The poem tragically ends with Apollonius arriving to the wedding uninvited. Before the marriage vows can be exchanged, Apollonius sees through Lamia’s false form and claims, in exposing Lamia, that he is saving Lycius. “From every ill/Of life have I preserved thee to this day,/And shall I see thee made a serpent’s prey?” (II.296-299)
Exposed to the world, Lamia vanishes. “Lycius’ arms were empty of delight,/As were his limbs of life, from that same night” (II.307-308). What Lycius prophesied back when they first met, “Even as thou vanishes so I shall die” (I.260), is now made a reality. Lycius dies on his couch, love stripped from him, by the very man who claimed to be protecting him.
Keats was a poet and not a philosopher. But Keats, like many poets, knew of philosophy (and theology) to a certain degree. And like many poets of his generation and era, Keats was engaged in a reactive struggle against the encroachments of dead-body materialism and utilitarianism that had come to define the so-called Enlightenment. Against this passionless and soulless, lifeless, world, he rebelled.
As a poet Keats saw himself as part of the vanguard of re-enchantment. While other English literati had recognized the dangers of lifeless materialism creeping into the mind of moderns, including John Milton and Jonathan Swift, the danger of lifeless utilitarianism was more readily visible and widespread in Keats’ time than in the days of Milton and Swift. Thus, there was a more combative fervor to Keats in his poetry than in Milton and Swift. After all, almost all of Keats’ poetry has love, women, and sex as their theme. Lamia being the culminated manifestation of his short life’s work.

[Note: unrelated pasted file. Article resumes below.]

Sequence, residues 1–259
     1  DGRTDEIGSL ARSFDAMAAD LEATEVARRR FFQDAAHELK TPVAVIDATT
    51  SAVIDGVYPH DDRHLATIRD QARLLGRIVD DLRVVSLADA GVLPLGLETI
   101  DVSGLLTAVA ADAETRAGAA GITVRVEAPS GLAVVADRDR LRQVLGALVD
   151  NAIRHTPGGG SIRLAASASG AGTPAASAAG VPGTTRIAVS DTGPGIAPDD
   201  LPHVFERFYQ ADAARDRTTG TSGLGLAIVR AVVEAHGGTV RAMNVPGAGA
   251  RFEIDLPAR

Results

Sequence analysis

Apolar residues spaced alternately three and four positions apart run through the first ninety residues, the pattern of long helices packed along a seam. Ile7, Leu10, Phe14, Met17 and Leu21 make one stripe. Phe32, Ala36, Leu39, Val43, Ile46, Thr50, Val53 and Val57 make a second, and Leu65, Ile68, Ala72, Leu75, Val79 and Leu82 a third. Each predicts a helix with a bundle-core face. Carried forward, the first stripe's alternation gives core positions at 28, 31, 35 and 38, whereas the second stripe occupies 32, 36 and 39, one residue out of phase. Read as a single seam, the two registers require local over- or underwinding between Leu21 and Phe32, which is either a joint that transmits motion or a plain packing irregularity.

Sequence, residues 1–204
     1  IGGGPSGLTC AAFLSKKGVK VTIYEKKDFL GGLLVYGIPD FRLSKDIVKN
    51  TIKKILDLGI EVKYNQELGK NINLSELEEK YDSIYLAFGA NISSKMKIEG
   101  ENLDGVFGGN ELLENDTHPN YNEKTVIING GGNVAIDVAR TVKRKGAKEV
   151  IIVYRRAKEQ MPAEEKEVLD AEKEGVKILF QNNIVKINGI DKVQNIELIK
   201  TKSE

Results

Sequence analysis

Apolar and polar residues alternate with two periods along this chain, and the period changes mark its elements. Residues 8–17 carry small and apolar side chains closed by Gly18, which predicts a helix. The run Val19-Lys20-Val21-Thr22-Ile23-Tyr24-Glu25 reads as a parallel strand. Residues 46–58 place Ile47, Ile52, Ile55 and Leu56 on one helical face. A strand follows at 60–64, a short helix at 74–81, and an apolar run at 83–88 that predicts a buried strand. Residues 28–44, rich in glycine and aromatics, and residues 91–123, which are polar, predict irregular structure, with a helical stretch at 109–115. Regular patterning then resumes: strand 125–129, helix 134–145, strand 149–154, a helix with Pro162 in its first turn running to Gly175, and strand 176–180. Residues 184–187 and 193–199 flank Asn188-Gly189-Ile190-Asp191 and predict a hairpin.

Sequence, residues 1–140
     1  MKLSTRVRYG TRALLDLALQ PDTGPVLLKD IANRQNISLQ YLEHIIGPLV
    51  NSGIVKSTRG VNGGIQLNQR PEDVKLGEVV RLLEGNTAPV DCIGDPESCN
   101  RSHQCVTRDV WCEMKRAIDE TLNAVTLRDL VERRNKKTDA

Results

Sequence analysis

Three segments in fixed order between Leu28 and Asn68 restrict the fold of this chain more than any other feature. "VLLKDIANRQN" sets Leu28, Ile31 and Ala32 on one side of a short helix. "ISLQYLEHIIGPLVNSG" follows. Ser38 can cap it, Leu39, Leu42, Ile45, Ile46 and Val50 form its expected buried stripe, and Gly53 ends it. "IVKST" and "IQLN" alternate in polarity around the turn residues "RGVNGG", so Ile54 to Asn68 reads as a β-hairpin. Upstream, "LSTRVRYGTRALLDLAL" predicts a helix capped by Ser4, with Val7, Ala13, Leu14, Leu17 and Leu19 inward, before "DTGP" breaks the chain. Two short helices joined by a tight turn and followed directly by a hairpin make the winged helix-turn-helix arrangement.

The villain of the poem is the philosopher Apollonius. There are no heroes of the poem, but the reader does sympathize with Lamia and feels aggrieved for Lycius by poem’s end. A reader knowledgeable in the classics will sympathize with Lamia even more with the understanding of her tragic fate at the hands of the violent and jealous gods who punished her so harshly. Lamia simply wants to love again. Hermes grants her this chance. She lives happily with Lycius. Though worried she will be exposed in marriage, she still concedes to live a life with Lycius under the stipulation that Apollonius is not present.
“Philosophy will clip an Angel’s wings,/Conquer all mysteries by rule and line,/Empty the haunted air, and gnomed mine –/Unweave a rainbow, as it erewhile made/The tender-personed Lamia melt into a shade” (II.234-238). Keats insightful words, here, on the eve of the wedding attended by “[t]he bald-head philosopher” (II.245), reveals to us the battle lines between sterile mechanical philosophy (represented by Apollonius) and the enchanted and life-giving world of higher spirits, God, or the gods, symbolically represented by Hermes’ resurrection of Lamia, Lamia’s union with Lycius, and the happy life they have with “Bacchus [dancing] at meridian height” (II.213). Philosophy chases away wonder and majesty, “Do not all charms fly/At the mere touch of cold philosophy?” (II.229-230), but Love inculcates wonder and majesty in the world and life.